Tomorrow is my oldest daughter’s birthday. She’s Autistic. She doesn’t know that tomorrow is her birthday. All birthdays are the same to her. There’s cake and we sing and she blows out the candles on everyone’s cake. And we relight them so the actual birthday person gets to make a wish.
Since her birthday is tomorrow it has me thinking about the 2 days in December that make me cry every year. Her birthday and Christmas. There’s something about her not knowing the significance of either that just makes me sad deep inside. I’m grateful beyond words for the hope of Heaven and knowing that every day there will be significant as she is completely whole and in the presence of the ONE that loves her so……and that I will see it with my own eyes and enjoy it with all my heart.
Autism is an interesting thing. It’s full of melt downs, obsessions, compulsions, no awareness of the consequences of actions, unresponsiveness, indifference, a need for control. It is a challenge unlike any I have known. But God is faithful.
A couple of Christmases ago I wrote a little devotional called “Playing in the Dirt” about my daughter and what I call “Autistic Christians”. I had forgotten about writing it and a friend of mine handed me a copy not long ago and said, “Remember this? You need to share this on your blog.” I believe she is right and on the eve of my daughter’s birthday, and with Christmas on the horizon, I think today is the day. So here it is…..
Playing in the Dirt:
The Post house is always abuzz with activity and noise, but Christmas ratchets everything up a few notches. This past Christmas Eve was no different as we cooked, decorated cookies, built the gingerbread house and the kids asked for the millionth time about opening presents. They were giddy anticipating the “spoils” of the next morning. With the chaos in full throttle, I looked out the window to check on my oldest daughter. And there she was, sitting on the ground, playing in the dirt, oblivious to our joy or the fact that Christmas was coming. She was completely absorbed in her own mind and world. It’s those type of “Autistic moments” that nearly cripple me. I’m usually ok, but in those moments I ache for the possibility of what could have been, and hurt over the things she’s missed…….that I’ve missed with her.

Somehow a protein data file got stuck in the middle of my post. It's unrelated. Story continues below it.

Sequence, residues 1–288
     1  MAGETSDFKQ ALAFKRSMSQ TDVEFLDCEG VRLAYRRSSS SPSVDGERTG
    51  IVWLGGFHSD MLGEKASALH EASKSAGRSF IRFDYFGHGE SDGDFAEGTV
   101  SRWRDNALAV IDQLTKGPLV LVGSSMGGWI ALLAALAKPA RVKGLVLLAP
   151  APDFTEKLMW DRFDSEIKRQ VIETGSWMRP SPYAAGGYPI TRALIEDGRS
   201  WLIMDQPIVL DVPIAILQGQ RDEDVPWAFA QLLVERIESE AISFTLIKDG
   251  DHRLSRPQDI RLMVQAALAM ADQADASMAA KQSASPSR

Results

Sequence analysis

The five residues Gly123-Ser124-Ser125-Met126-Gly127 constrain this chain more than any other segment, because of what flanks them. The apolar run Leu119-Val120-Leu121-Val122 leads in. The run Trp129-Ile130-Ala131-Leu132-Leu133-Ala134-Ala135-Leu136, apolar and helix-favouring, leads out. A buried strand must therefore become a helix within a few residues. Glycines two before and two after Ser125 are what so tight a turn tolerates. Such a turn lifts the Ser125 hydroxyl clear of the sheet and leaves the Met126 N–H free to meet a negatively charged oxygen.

I wonder if God ever looks at me or you and feels that same kind of pain in His heart? Does He ever hurt for the possibility of what we could do or be and ache over the things that we have missed? Do we act as though we are “Autistic Christians”, oblivious to the things going on around us, indifferent or unresponsive to the Voice calling us? Do we fail to communicate with those closest to us or live without considering the consequences of our actions? Do we become obsessive, compulsive or melt down when our world can’t be controlled? Do we live absorbed in our own minds and world, apathetic, content to play in the dirt and miss the blessings right in front of us? I dare say we do live “autistically” in our Christian lives at times and it most certainly grieves the Spirit of God (Ephesians 4:30)
Most days my daughter spends hours engaged in intense intervention in an effort to connect her to us and the “real” world. We are always striving to find a way to communicate with her, a child who is literally trapped inside her own head and world. Sometimes we see progress, and sometimes we don’t. Her abilities are limited and there are some things she simply cannot do. But it isn’t a matter of ability when it comes to living the Christian life. It’s about responding to the intervention. God HAS intervened for us. He has made a way to connect us to Himself and to the “real” world…..His world. His heart. His plan. His service. He has shown us that HIS power has given us EVERYTHING we need for life and godliness… (2 Peter 1:3)
It seems that none of us are immune to the “Autistic Christian” syndrome. But unlike my daughter, we DO have a choice. So what will you choose?